Nutrition for Life - 2017

What is a Calorie?

By Parul Kharod

A calorie, simply put, is a unit of measurement.

A calorie is defined as the amount of energy required to raise the temperature of 1 ml of water at 15° C by 1° C. In other words, a calorie is a standard unit for measuring energy.

Our body uses food as fuel. Anything and everything we eat is processed in the body and eventually burned to give us energy. This energy is measured in kilocalories, or calories for short.

Unique cellular processes and chemical reactions in our body metabolize the protein, fat, and carbohydrate in the food. The food we eat is digested, absorbed, and is converted to glucose. This glucose is burned to give energy. Energy, in the form of heat, is released during these chain reactions which take place in the mitochondria within our cells. The body cannot store extra glucose. If there is more than what the body needs, it is converted back to fat, and is stored as fat cells. This is how we gain weight!

Energy Balance

Think of your body as a bank account. You put in calories when you eat. You use up calories during activity. If you put in more than what you use, there is a surplus. In case of money in a bank account, this would be good. However, the surplus in the body is stored as fat cells that can be harmful to your health. That is why it is very important to have a balance.

How many calories do we need?

The amount of energy (calories) we need depends on a number of factors. You may have heard of the term BMR or RMR. It refers to Basal Metabolic Rate, or Resting Metabolic Rate. This is the amount of energy needed by your cells and organs to perform the daily tasks of keeping you alive and well. This depends on your age, height, and weight. Then you add in your lifestyle and activity factor. This will vary for each person depending on whether you work sitting at a desk, or you are active all day. The body also uses energy to digest, absorb, and metabolize the food we eat. This is known as the thermic effect of food. All of these things are combined to calculate the TEE or Total Energy Expenditure, which is the total energy you need in 24 hrs.

BMR: There are different equations used to calculate BMR. One widely used formula is the Harris-Benedict:

Men: 66 + (13.7 x weight in lbs.) + (5 x height in inches) – (6.8 x age in yrs.)
Women: 655 + (9.6 x weight in lbs.) + (1.7 x height in inches) – (4.7 x age in yrs.)

Activity Factor: Multiply BMR with the activity factor according to your lifestyle.

Sedentary: 1.2
Light activity: 1.3
Moderate activity: 1.4
Very active: 1.5

Thermic affect of food: This is calculated as approximately 10% of energy needs.
(BMR x activity factor) x 10%

TEE = BMR x Activity Factor + Thermic effect.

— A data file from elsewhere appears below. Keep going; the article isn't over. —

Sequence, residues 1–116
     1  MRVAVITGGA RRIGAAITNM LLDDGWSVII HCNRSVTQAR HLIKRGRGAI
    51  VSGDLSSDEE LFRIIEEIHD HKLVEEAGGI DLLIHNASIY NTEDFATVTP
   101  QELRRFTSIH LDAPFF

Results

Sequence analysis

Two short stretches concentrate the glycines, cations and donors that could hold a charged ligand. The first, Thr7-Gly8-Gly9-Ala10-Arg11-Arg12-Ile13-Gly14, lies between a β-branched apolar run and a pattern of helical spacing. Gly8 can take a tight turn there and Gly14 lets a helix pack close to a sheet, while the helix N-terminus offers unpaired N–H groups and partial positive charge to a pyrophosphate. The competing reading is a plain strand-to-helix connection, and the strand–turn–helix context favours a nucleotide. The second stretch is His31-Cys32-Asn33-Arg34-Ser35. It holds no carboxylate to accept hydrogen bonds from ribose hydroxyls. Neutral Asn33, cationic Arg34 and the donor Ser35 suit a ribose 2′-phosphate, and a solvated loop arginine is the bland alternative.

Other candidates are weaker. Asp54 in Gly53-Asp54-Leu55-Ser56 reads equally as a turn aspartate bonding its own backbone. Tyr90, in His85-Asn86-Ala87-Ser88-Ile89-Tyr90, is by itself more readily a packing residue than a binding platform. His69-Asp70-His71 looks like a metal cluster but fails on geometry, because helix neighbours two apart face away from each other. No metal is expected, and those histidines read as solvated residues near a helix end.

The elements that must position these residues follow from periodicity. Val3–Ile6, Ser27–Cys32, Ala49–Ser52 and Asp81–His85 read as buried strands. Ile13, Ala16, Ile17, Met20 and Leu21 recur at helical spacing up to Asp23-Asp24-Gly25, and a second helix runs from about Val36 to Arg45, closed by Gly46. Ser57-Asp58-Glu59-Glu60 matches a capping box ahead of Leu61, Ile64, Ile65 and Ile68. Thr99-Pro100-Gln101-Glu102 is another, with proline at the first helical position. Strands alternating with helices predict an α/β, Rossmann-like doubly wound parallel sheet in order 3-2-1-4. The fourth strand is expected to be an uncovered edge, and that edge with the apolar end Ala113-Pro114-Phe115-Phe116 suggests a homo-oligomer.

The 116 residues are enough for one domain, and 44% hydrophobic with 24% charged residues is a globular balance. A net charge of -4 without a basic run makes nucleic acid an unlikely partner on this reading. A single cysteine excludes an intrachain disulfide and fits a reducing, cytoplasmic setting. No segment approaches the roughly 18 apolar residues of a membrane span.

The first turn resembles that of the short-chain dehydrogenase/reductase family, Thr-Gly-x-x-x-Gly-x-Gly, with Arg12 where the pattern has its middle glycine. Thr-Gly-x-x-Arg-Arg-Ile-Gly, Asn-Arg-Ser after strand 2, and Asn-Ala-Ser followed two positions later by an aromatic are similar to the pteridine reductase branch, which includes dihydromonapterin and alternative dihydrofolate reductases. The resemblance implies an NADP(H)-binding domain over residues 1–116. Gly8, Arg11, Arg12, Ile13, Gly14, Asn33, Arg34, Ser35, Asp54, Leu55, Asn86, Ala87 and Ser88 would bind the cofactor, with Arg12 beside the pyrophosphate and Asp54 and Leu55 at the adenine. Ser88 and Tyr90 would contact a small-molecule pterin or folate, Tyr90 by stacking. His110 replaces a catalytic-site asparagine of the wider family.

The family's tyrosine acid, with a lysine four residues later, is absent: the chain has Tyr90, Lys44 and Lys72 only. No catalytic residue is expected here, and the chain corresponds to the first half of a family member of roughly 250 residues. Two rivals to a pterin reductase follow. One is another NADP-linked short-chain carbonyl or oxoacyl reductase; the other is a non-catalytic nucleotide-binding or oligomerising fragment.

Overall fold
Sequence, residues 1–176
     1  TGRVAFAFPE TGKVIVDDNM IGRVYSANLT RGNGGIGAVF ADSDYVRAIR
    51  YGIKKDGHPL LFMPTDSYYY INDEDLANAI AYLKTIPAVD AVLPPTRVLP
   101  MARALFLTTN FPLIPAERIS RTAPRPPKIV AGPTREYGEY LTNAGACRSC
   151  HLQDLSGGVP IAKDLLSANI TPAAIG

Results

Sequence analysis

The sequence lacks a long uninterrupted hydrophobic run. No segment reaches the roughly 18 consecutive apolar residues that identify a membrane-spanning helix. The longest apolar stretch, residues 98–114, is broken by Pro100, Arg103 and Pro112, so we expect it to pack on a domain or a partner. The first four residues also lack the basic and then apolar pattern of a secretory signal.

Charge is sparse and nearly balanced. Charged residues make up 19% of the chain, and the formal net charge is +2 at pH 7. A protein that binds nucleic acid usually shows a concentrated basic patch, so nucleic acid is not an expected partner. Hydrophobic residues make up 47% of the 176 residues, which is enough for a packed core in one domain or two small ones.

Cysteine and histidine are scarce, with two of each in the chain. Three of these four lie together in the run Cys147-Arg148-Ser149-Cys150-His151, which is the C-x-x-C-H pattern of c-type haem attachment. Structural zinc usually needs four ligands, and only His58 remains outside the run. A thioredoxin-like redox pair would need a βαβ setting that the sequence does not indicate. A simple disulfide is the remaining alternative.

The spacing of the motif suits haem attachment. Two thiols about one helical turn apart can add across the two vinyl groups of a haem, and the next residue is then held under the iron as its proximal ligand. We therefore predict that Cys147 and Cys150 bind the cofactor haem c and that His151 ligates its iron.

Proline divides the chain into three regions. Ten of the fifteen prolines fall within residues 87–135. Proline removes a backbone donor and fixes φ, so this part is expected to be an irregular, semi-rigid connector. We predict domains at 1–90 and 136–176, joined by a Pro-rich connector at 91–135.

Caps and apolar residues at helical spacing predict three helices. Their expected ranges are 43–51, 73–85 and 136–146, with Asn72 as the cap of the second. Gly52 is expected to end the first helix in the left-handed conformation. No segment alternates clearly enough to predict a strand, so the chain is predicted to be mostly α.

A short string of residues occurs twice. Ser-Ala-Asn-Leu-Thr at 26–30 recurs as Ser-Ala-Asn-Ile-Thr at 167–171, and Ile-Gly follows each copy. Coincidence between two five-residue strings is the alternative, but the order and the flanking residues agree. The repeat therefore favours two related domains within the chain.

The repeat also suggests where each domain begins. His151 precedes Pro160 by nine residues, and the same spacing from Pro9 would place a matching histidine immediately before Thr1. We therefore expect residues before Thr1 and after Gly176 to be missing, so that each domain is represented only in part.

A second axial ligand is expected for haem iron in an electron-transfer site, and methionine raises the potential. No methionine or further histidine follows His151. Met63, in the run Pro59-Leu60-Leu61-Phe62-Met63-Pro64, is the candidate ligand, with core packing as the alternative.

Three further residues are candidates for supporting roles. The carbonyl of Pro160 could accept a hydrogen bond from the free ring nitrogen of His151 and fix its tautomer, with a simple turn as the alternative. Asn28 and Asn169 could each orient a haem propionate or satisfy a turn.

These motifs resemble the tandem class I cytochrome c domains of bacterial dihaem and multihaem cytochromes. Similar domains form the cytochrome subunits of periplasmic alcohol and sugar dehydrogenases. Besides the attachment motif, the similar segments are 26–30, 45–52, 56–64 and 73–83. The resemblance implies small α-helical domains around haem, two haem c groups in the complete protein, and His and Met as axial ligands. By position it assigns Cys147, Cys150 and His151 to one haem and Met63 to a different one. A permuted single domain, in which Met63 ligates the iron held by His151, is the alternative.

Learning how to balance your energy intake and expenditure is a good thing, however becoming obsessed by numbers is not.

Food Energy

How do we know what food gives us how much energy? In other words, how many calories are in a particular food? The most basic thing to remember is that carbohydrates, fats, and proteins, burn at different rates. One gram of carbohydrate gives four calories. One gram of protein has four calories, and one gram of fat has nine calories.

This has been a source of confusion for many people. Just remember that all food consists of only three major energy producing components: carbohydrates, fats, and proteins. The amounts have to add up to a 100%. Which means that if a food is 20% fat, the remaining 80% will be carbohydrates and protein. Therefore, a low-fat food will be high in carbohydrates and/or protein while a low-carb food may be high in fat. No food can be high in all three or low in all three components. Vitamins and minerals do not have calories, neither does fiber or cholesterol.

Each gram of fat has 9 calories. The type of fat does not matter. A teaspoon of olive oil has the same number of calories as a teaspoon of peanut oil. Protein from meat has the same number of calories as protein from beans. The composition of foods varies in terms of many other things, but the number of calories remain standard. Water and fiber rich foods like fruits and vegetables will have fewer calories than dense foods loaded with fat.

Fuel Efficiency

Food should be a source of pleasure, not a source for aggravation. Unfortunately, in our society, the word diet has become a verb instead of a noun. To keep your body healthy and active, choose your fuel wisely.

• Eat nutrient dense foods
• Don't deprive yourself; don't associate food with guilt
• Don't skip meals or have long gaps between meals
• Don't fall for fad diets that over-restrict calories
• Eat small meals at regular intervals
• Eat balanced meals
• Drink plenty of water
• Get regular physical activity

Do we really need to count calories?

Not at all! The total number of calories are important, but more important is the source of those calories. One can eat a 1500 calorie diet full of healthy foods; it is also possible to eat 1500 calories of junk food. What is most important is choosing the right foods and eating them in the right portion.

-- Parul Kharod, MS, RD, LDN is a registered dietitian and licensed nutritionist and works as a Clinical Dietitian with Outpatient Nutrition Services at WakeMed Hospital in Cary and Raleigh. She can be reached at